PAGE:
Chicago art note: I like Giovanni Battista Tiepolo for pretty much the same reason that I like Gainsborough or John Singer Sargent: they may not be the greatest of painters, but each defines a particular period and class—so well, indeed, that we may forget that although not the greatest of painters, they are actually pretty good. Tiepolo, for example: nobody can make things fly like Tiepolo; everyone else’s flying creatures look like refrigerator magnets, or balloons in the Macy’s parade. And Tiepolo treats women with sensitivity and respect: they have identities and personalities, often more distinct than men. And he has a subtle sense of humor, almost wry, anticipating the superb satires of his son, Giandomenico.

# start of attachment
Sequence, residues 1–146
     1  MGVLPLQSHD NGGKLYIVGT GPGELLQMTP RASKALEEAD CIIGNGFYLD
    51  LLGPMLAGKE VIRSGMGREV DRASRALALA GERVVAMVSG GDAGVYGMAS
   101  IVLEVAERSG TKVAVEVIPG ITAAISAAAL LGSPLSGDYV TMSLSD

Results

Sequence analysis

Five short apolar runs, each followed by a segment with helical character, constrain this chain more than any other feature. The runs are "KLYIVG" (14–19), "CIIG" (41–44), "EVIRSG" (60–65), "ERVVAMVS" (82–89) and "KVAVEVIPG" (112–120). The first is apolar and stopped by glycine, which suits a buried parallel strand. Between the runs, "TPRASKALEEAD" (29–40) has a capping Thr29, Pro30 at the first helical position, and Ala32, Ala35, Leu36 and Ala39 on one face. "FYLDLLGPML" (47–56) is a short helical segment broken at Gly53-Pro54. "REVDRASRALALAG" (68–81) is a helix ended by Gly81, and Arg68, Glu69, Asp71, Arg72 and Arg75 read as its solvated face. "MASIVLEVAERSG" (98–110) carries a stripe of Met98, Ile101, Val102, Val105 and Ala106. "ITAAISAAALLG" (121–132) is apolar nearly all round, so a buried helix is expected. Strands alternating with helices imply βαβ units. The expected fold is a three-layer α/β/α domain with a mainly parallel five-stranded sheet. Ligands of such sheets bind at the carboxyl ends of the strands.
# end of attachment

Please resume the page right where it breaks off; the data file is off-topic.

The Tiepolos in the Art Institute of Chicago are not the greatest Tiepolos, but they too are pretty good. They’re a series: “Rinaldo Enchanted by Armida,” illustrating passages from La Gerusalemme liberate, Torquato Tasso’s great epic of the First Crusade. Rinaldo is on course for
It’s hard to imagine a better match of text and picture than Tasso and Tiepolo: Tasso has great dignity and pomp, but also superb narrative drive, superbly captured in a remarkable English translation by Edward Fairfax:
But when she lookèd on his face awhile,
And saw how sweet he breath’d, how still he lay,
At first she stayed, astound with great dismay,
Then sat she down (so love can art beguile).
—Torquato Tasso, La Gerusalemme liberate XIV 66